way. In the hands of such an accomplished writer,
however, one is easily drawn in to Hajime's world.
Hajime would like to be a good man, but he has
impulses; impulses which cause him to damage those he
loves. The simple tale revolves around his childhood
sweetheart finding him and endangering everything he's
worked for. So far, so predictable; but the way in
which Murakami teases out Hajime's character, and
faces up to the moral dilemmas without judging his
motives - they are simply laid out for us to observe -
produces a true feeling of uncertainty in the reader,
and compels you through the story wishing that both
outcomes were possible. A cunningly crafted tale,
carried off with thoughtful aplomb, and the ideal
jumping-off point for further exploration of this most
intriguing of authors.
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27 of 29 people found the following review helpful By Kwok Sing Sit (kwoksing@dds.nl) on February 14, 1999
Format: Hardcover
After the translated works of Birnbaum and Rubin, it is a revelation to see how someone else translate and interpret Murakami's work (this does not mean that the writer of this review doesn't acknowledge the fantastic translations of both translators) . No doubt, Philip Gabriel has done a fantastic job with his translation of this book.
This story is about a middle-age man who in his teenage years finds and then loses the girl, only to meet her again years later. During these years he has hurted a lot of people, including himself. Now, happily married, settled and being a succesfull businessman, it's time to set things straight. Or not? When the woman he once loved (and still loves) enters his bar, things are beginning to change. Will he sacrifice everything for this woman, including his beloved wife and daugthers?
Unlike Dance, Dance, Dance or The Wind Up, this story is more down to earth. Nobody is perfect. Even if you live a happy married life. Unconditionally love doesn't exist, even when you know who you're true love is. Questions always remain and people have to accept this fact. Again Murakami succeeds in letting the readers to think and reconsider again what "life", "love" or "marriage" mean. The answers on these questions remain vague. But isn't that what is all about?
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59 of 71 people found the following review helpful By Larry Dilg on July 22, 2001
Format: Paperback
This romantic novel left me stunned, staring at the ground, picking out patterns, wondering about the consequences of everything I have done in my life. Unlike Jay Gatsby, I've never thought you could repeat the past, but that hasn't kept me from dwelling on it, pondering the wake of destruction left by my own dreams. Reading this book I felt like Hajime was at times my Japanese twin, living an unaccountably successful and comfortable life haunted by obsessions more animated than reality itself. Sometimes I fall into a trance - a girl in the car next to me reminds me of an old love, a phrase overheard takes me to a place thirty years ago - and I can't really lift myself from it for several days. My wife asks what's wrong and there's no way to explain. It's like a dream that sticks to you all day long or a name that's on the tip of your tongue all weekend but you just can't remember it. That was the experience of South of the Border, West of the Moon, a surprisingly flat and simple story with perfectly chosen oddities and enough specificity to create an unforgettable world. You know the way some short stories are exquisite jewels perfectly set? That's this book.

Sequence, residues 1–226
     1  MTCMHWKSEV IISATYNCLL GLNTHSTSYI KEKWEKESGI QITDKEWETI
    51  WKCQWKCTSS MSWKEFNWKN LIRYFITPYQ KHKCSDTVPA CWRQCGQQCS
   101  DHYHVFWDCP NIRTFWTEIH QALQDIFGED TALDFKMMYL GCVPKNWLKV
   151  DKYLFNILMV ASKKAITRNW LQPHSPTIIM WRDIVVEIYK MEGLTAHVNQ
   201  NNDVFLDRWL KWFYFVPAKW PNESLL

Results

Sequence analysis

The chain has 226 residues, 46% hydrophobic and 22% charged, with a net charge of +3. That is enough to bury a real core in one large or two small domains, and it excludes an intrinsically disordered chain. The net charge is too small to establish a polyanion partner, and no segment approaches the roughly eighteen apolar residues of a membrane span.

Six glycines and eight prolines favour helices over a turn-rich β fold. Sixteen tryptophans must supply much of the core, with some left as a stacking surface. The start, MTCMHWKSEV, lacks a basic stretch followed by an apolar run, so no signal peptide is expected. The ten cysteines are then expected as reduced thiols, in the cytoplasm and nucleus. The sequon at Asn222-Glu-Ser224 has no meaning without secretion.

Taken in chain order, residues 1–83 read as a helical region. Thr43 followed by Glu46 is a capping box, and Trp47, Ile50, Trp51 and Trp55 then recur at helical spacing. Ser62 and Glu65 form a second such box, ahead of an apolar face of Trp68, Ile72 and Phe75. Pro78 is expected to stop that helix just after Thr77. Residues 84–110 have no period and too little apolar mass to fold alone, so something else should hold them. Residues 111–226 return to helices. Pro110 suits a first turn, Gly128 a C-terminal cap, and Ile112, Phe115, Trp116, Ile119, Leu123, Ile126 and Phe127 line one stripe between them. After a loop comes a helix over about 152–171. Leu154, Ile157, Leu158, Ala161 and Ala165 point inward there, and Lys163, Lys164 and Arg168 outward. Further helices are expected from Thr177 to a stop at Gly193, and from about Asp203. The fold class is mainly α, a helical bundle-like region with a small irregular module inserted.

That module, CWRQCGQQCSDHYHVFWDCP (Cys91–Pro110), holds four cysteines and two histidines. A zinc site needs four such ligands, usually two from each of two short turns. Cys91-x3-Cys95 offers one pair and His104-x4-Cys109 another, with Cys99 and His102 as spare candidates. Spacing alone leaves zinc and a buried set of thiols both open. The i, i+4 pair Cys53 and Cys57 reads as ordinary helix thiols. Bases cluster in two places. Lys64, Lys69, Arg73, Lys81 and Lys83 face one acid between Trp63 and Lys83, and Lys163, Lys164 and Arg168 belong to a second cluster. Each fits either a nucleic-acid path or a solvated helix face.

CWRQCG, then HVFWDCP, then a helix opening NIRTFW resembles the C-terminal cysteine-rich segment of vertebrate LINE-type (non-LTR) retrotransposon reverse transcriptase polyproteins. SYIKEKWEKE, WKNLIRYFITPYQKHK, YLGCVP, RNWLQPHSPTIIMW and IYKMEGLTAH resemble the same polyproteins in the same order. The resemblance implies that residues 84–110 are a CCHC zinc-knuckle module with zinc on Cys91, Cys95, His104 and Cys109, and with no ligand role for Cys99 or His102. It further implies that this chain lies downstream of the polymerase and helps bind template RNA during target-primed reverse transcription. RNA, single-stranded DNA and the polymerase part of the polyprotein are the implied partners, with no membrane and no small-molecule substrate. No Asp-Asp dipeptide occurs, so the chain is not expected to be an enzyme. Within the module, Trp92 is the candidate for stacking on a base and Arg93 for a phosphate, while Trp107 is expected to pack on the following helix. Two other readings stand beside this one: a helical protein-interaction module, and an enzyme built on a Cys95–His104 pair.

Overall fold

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10 of 10 people found the following review helpful By Epops on January 21, 2006
Format: Paperback
This book reminds me of the old French song "Plaisir d'amour" - "the pleasure of love lasts but a moment, the sorrow of love lasts all one's life."

"South of the Border, West of the Sun" shares some common elements with the other Murakami fiction ("Sputnik Sweetheart", "After the Quake", "Hard-boiled Wonderland", and "The Windup Bird Chronicle") I've read so far: Self-centered men, elusive women, mysterious events. But this novel, less otherworldly than his other works, is a realistic portrayal of a failed romance. And the setting, social structure, and mores are very Japanese, in spite of the Western pop cultural content.

I have the impression that the novel is autobiographical, but whether or not that is true, Murakami conveys the emotional upheavel of a passionate extra-marital affair with great precision and insight, in spite of the barriers imposed by culture and language.

Philip Gabriel has done an excellent job with the translation. There were a couple of instances where I thought he might have made a better choice of language, but they were so minor that I didn't bother to note them. We always know we are reading a story about Japanese people, occuring in Japan, but they are real people and they speak a language we can understand. The translator seems to have erected no barriers between them and us, which is a remarkable accomplishment, given the differences between the Japanese and English languages.

"South of the Border, West of the Sun" lacks the weirdness and fantasy of Murakami's more recent novels, and will disappoint readers who like that aspect of Murakami's work, and who don't like adult love stories. But this novel easily stands comparison with the best of modern American fiction.

Highly recommended.